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Lewes, Delaware
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October 31, 1997     Cape Gazette
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October 31, 1997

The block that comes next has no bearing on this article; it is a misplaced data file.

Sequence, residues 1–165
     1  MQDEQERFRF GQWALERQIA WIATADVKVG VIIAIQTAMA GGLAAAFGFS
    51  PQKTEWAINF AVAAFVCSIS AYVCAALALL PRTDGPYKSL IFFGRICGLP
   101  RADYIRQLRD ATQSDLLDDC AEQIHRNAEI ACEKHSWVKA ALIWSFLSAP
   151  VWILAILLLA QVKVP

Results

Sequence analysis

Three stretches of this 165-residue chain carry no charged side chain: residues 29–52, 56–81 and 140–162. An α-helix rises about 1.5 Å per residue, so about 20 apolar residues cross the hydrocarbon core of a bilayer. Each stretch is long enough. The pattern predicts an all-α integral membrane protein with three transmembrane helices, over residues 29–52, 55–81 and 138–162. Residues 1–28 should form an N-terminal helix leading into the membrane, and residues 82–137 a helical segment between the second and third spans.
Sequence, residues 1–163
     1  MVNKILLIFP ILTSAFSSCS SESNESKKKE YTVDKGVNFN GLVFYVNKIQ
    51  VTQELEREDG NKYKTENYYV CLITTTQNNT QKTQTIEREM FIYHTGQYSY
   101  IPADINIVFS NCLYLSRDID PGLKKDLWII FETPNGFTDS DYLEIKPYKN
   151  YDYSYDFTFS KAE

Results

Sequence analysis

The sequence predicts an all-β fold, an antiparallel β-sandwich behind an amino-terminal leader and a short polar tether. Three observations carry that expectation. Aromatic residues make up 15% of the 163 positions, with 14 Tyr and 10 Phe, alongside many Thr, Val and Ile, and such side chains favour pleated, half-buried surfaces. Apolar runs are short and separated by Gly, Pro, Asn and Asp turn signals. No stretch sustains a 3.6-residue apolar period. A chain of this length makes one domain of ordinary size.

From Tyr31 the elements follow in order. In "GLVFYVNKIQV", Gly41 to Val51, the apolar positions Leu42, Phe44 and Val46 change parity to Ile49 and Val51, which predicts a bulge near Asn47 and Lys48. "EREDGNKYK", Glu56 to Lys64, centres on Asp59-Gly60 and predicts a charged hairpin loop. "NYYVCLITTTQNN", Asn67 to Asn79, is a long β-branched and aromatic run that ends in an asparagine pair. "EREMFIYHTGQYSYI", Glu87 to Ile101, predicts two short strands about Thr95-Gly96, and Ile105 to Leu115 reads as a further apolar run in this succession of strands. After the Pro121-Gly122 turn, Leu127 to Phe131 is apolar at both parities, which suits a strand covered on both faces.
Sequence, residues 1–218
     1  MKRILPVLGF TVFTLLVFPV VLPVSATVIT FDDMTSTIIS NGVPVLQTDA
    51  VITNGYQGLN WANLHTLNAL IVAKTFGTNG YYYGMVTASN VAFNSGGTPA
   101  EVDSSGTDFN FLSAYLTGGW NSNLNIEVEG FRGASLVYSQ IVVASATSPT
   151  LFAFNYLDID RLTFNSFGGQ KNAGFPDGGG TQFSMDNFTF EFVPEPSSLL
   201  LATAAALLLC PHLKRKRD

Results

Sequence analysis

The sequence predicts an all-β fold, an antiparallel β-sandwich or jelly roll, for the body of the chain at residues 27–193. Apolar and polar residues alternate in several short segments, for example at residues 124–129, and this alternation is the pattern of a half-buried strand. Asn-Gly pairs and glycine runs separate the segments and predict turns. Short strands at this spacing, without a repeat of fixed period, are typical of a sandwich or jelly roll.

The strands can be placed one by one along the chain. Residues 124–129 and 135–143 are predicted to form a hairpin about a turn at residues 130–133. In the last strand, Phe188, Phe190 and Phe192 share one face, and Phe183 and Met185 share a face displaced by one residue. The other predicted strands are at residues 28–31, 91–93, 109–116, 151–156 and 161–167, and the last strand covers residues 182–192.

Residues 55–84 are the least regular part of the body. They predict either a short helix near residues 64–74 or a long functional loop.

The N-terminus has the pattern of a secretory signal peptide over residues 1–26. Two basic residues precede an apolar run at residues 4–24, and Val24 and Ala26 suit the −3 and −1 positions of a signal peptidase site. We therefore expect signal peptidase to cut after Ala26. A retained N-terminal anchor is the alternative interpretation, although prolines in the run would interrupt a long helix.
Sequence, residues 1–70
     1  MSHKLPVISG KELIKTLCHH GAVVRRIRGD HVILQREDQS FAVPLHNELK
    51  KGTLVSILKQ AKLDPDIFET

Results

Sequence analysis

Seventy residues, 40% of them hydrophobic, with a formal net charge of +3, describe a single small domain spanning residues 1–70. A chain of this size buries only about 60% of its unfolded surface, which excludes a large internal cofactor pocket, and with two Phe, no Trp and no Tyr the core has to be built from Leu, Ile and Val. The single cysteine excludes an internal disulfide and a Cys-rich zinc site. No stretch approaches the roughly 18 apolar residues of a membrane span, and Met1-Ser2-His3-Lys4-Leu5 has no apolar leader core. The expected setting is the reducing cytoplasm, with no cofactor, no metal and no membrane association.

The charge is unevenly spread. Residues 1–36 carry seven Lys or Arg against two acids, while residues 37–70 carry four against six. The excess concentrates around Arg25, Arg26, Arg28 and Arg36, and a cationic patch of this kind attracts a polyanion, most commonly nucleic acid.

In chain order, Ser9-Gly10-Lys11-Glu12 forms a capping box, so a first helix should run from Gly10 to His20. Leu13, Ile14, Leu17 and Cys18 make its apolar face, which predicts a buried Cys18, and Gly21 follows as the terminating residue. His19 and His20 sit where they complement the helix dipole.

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32 - CAPE GAZETTE, Friday, October 31 - November 6, 1997 Cancer Watch Mammograms can provide the gift of a lifetime By Janet Osuch, M.D. The most important piece of in- formation women need to know about mammography is that it is the single most powerful tool to detect breast cancer early, and the earlier the detection, the wider a woman's options are for treat- ment. Get a mammogram when you need one and give yourself the gift of a lifetime. Mammography is particularly important because it can detect breast cancers too small to be felt by a physical examination. Research has shown that routine mammography detects 40 percent of cancers not found on a physical examination, thus reducing the death rate from breast cancer by Yearly clinical By Laura Morris, M.D. Mammography, clinical breast examination and breast self-exam- ination are the three tools used to detect breast cancer. For years, the importance of regular mammo- grams for the early detection of breast cancer has been empha- sized. Often overlooked is the im- portance of yearly clinical breast examination by a health-care provider. Mammography is important be- cause it can detect cancers that are too small to be felt by physical ex- amination. Research has shown that routine mammography de- tects 40 percent of cancers not found on physical examination, thus redticing the death rate from breast cancer by 30 percent. However, 10 percent to 15 per- cent of breast cancers are found only by physical examination. Abnormalities that may be found on physical examination include dimpling or puckering of the skin, nipple discharge, thickenings or lumps. An abnormal finding on a physical examination requires fur- ther evaluation, no matter what the mammogram shows. A thorough clinical breast ex- amination involves both inspec- tion and palpation of the breast tissue. A woman's breasts should be observed in the sitting position with the arms relaxed, held over her head, and placed on the hips while she is pushing in. These po- Fitness Tip of the Week Focus on Health Osteoporosis seminar set for Wednesday, Nov. 5 A free "Focus on Health" semi- nar on osteoporosis will be held in the education classroom at Beebe Medical Center on Wednesday, Nov. 5, from 7 to 8 p.m. Jane Go- vatos, R.N., is the guest speaker. For more information about the seminar or to register, call 645- 3332. 30 percent. Medical experts agree that mammography screeninge at reg- ular intervals, together with clini- cal breast exams, and monthly breast self-examination, are the three techniques that provide the best means of protection against breast cancer. The importance of self-exami- nation and examination by a health-care provider should not be minimized. In about 10 percent to 15 per- cent of women, breast cancer is found solely on the basis of physi- cal examination and would not be detected by a mammogram. Therefore, any breast lump needs further evaluation, no matter what a mammogram shows. October is National Breast Can- cer Awareness Month, a program dedicated to educating women about breast cancer and the impor- tance of early detection. Again this year, a highlight of the program was National Mam- mography Day (Oct. 17), a day when women were encouraged to get a mammogram. During the entire month of Oc- tober, participating radiologists accredited by the American Col- lege of Radiology, offered dis- counted screening mammograms. Every woman is at risk for breast cancer, no matter her age, family history or current health. Seventy-five percent of women exams sitions allow the examiner to ob- serve any skin changes that may be present. The areas above and below the collarbone and under each arm are then palpated. Each breast is examined while the woman is lying down to deter- mine if any abnormal thickening, lumps or nipple discharge are pre- sent. The entire examination, from observation to palpation, should take approximately three-to-five minutes. October is National Breast Can- cer Awareness Month, a program dedicated to educating women about breast cancer and the impor- tance of early detection. During the entire month of October, par- ticipating radiologists, accredited by the American College of Radi- ology, will offer discounted screening mammograms. Medical experts agree that all women age 50 and over need to receive an annual mammogram, and an annual clinical breast ex- amination. For women ages 40 to 49, some controversy exists as to when and how often to receive a mammogram. The majority of or- ganizations recommend mam- mography every one to two years in this age group. The National Cancer Institute recommends checking with your healthcare provider to decide what aid in early detection is best for you. A clinical breast examination is recommended yearly. For women ages 20 to 39, a clinical breast examination is rec- ommended at least every three years. Routine mammography is not recommended in this age group. Monthly breast self-examina- tion is encouraged for all women. Editor's note: Laura Morris, M.D., is a member of the Ameri- can Medical Women's Associa- tion. Swim for aerobic workout If you like water, swimming can be your aerobic activity of choice. It is especially appeal- ing to those who have sustained various injuries and cannot af- ford even the slightest stress on the bones or joints. In fact, swimming helps to loosen stiff joints. Submitted by the YMCA of Rehoboth Beach For more information, call 227-8018 who are diagnosed with the dis- ease have none of the commonly known risk factors. Mammograms are especially important for older women, how- ever. As a woman ages, her chances of developing breast can- cer increase. Medical experts agree that all women age 50 and older need to receive regularly scheduled mam- mograms. An annual screening is the usual recommendation. For women ages 40 to 49, some controversy exists as to when and how often to have a mammogram. In November 1993, 21 organi- zations met to recommend mam- mography every one to two years in women in this age group, while the National Cancer Institute rec- ommends checking with a health- care provider to decide what is best for you. Editor's note: Janet Osuch, M.D., is a member of the Ameri- can Medical Women's Associa- tion. Introducing DigiFocus, the first 100% digital hearing aid. Now the digital tech- nology that made CDs possible is available in an advanced hearing instru- ment. With its computer- ized 100% digital sound processing, DigiFocus makes millions of calcula- tions per second, con- stantly shaping the incom- ing sound to suit your hear- BY OTIICON ing - automatically. What's more, unlike other hearing instruments, DigiFocus splits sound into seven distinct frequencies, so it can be more precisely fit to your specific hearing needs. Find out what digital technolo- gy can mean to your hearing. Call today! HEARING AID ASSOCIATES Millsboro 934-1471 Hours: Monday-Friday 9-5 p.m. Evenings Available by Appointment - 2 miles N. of Fit. 24 on Fit. 30 6 miles S. of Rt. 9 on Rt. 30 We are the only Certified DigiFocus Hearing Aid Center in Delaware (302) 645-3712 (302) 424-7781